07/02/2014 12:35 EDT | Updated 09/01/2014 05:59 EDT

TSX hits record high, Dow testing new benchmark

The Toronto stock market racked up a new record today amid a strong report about Canadian manufacturing and hopes for better job numbers out of the U.S.

The S&P/TSX composite index gained 69 points to 15,215 at midday. It passed its previous closing high of 15,109, set last week.

Canadian traders also were optimistic about numbers released Tuesday, when the market was closed, showing an improvement in both Chinese and U.S. manufacturing.

In the U.S., stocks were edging higher in midday trading following an ADP report that showed that the private sector created 281,000 jobs during June, a higher-than-expected number.

The Dow rose 12 points, or 0.1 per cent, to 16,969 as of noon ET Wednesday.

The Standard & Poor's 500 index rose a point to 1,974 and the Nasdaq rose four points, or 0.1 per cent, to 4,462.

On Tuesday, the Dow and the S&P 500 entered the second half of 2014 trading by hitting new records after data showed that Chinese manufacturing grew in June for the first time in six months. The S&P punched through its record on Tuesday and the Dow zeroed in on the 17,000 benchmark, hitting 16,956.

U.S. manufacturing numbers mixed

In the U.S., the manufacturing sector advanced for a 13th straight month of growth. Other data released Wednesday showed U.S. factory orders fell by 0.5 per cent in May, a steeper drop than the 0.3 per cent that had been forecast.

Traders looked ahead to the other major economic event for the week — the release Friday of the U.S. government's employment report for June. The ADP report made investors optimistic about hiring, analysts said.

"Clearly, now the market is going to set up for a bullish number," said Wes Mills, chief investment officer at Scotia Private Client Group.

"People have been reluctant to fully endorse this rally and we know the fears that have popped up, whether it's Ukraine, or China or more recently this Iraq business. But it does seem the market is shaking all of these things off."

In corporate news, JPMorgan Chase chairman and chief executive Jamie Dimon said he has curable throat cancer. Dimon said he plans to remain on the job and be actively involved in key decisions while undergoing treatment.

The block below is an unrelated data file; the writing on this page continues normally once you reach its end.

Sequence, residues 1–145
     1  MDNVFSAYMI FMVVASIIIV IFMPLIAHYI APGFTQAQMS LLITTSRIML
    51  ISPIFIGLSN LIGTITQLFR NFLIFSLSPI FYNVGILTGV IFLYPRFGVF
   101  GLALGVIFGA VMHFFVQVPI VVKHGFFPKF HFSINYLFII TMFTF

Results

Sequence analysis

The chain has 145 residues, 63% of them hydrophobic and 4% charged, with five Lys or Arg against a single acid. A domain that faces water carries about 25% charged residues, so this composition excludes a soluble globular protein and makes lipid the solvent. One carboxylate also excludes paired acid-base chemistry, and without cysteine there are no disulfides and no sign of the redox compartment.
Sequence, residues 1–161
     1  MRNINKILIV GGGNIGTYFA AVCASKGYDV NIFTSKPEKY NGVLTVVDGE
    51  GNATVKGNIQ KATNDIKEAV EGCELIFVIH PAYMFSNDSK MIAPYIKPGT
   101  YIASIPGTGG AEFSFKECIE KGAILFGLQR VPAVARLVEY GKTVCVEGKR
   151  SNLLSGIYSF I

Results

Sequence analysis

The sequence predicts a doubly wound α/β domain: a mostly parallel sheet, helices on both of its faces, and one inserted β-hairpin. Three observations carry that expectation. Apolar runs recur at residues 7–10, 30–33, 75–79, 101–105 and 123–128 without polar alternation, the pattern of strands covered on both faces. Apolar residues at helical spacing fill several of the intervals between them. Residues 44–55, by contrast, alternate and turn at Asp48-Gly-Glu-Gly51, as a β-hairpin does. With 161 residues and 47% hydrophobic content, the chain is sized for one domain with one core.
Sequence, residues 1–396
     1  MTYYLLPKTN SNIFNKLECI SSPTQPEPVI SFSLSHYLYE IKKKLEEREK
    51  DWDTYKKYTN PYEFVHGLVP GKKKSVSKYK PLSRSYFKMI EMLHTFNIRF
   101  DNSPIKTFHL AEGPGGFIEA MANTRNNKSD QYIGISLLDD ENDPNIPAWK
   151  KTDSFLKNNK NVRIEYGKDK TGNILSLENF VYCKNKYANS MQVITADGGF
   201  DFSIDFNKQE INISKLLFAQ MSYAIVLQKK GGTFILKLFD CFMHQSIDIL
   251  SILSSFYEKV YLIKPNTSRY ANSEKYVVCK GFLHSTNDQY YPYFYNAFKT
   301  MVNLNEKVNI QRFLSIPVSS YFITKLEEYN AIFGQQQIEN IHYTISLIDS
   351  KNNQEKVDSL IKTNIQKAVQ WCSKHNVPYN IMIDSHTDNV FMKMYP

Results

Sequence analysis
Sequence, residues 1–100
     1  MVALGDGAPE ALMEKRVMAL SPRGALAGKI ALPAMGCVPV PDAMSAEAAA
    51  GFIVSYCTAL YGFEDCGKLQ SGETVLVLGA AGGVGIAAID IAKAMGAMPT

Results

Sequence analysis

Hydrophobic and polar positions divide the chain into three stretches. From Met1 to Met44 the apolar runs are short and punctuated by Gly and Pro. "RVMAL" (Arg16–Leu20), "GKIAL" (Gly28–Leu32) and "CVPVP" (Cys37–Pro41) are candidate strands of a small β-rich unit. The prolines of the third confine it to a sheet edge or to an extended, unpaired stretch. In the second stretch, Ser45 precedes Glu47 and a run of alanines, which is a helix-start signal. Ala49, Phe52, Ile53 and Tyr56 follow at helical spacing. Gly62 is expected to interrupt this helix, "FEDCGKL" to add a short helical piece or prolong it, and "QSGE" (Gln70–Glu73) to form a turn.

Despite the reassurance, Dimon's illness could raise leadership concerns at one of the world's biggest banks. The bank's shares declined 68 cents to $57.18 US.

BlackBerry, CP Rail up

In Canada, shares in Canadian Pacific Railway were $2.69 higher to $196 after the carrier was upgraded by equities research analysts at CIBC from a "sector perform" rating to an "outperform" rating. Earlier this week, analysts at Barclays raised their price target on shares of Canadian Pacific Railway from $168 to $196 US.

TSX advancers were led by the base metals component, up 2.9 per cent as July copper gained four cents to $3.25 a pound.

The information technology sector was up 1.68 per cent as Waterloo, Ont.-based BlackBerry ran up 40 cents or 3.66 per cent to $11.34. The stock has surged lately, up about 40 per cent in the past month amid strong quarterly financial results and enthusiasm over its new product. BlackBerry's Passport, which meets somewhere between a smartphone and a tablet in size, is scheduled to launch in Europe this September

The energy sector was ahead 0.3 per cent, with August crude on the New York Mercantile Exchange down seven cents to $105.27 US a barrel.

The gold sector shook off early declines to move up 0.45 per cent, while August bullion rose $4 to $1,330.60 US an ounce.